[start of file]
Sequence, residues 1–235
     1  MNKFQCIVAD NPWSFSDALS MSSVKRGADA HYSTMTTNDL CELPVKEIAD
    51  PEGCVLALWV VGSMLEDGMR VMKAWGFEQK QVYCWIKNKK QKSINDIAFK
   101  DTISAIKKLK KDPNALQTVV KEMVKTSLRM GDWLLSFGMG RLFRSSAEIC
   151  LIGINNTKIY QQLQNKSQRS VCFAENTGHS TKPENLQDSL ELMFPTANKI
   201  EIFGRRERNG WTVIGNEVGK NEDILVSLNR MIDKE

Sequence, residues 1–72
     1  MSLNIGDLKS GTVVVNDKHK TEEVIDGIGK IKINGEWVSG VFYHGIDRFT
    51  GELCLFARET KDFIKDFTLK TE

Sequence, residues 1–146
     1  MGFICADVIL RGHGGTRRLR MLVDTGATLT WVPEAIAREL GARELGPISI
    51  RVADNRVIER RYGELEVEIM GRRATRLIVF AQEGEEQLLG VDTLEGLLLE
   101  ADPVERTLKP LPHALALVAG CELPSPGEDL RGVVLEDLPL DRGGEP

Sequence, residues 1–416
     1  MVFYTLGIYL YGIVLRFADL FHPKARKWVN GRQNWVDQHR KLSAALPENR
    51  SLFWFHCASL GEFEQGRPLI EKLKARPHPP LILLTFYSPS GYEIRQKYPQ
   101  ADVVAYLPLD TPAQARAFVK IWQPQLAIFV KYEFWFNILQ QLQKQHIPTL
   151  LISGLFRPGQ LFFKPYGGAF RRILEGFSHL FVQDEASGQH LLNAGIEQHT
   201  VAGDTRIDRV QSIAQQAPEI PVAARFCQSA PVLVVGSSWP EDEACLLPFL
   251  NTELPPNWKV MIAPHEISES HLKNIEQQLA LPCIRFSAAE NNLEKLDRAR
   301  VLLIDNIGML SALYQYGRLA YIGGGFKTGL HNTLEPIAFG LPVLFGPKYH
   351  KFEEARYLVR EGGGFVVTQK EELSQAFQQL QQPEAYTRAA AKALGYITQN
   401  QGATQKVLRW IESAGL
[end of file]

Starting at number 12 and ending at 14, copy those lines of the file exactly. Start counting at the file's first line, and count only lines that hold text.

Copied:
    51  RVADNRVIER RYGELEVEIM GRRATRLIVF AQEGEEQLLG VDTLEGLLLE
   101  ADPVERTLKP LPHALALVAG CELPSPGEDL RGVVLEDLPL DRGGEP

Sequence, residues 1–416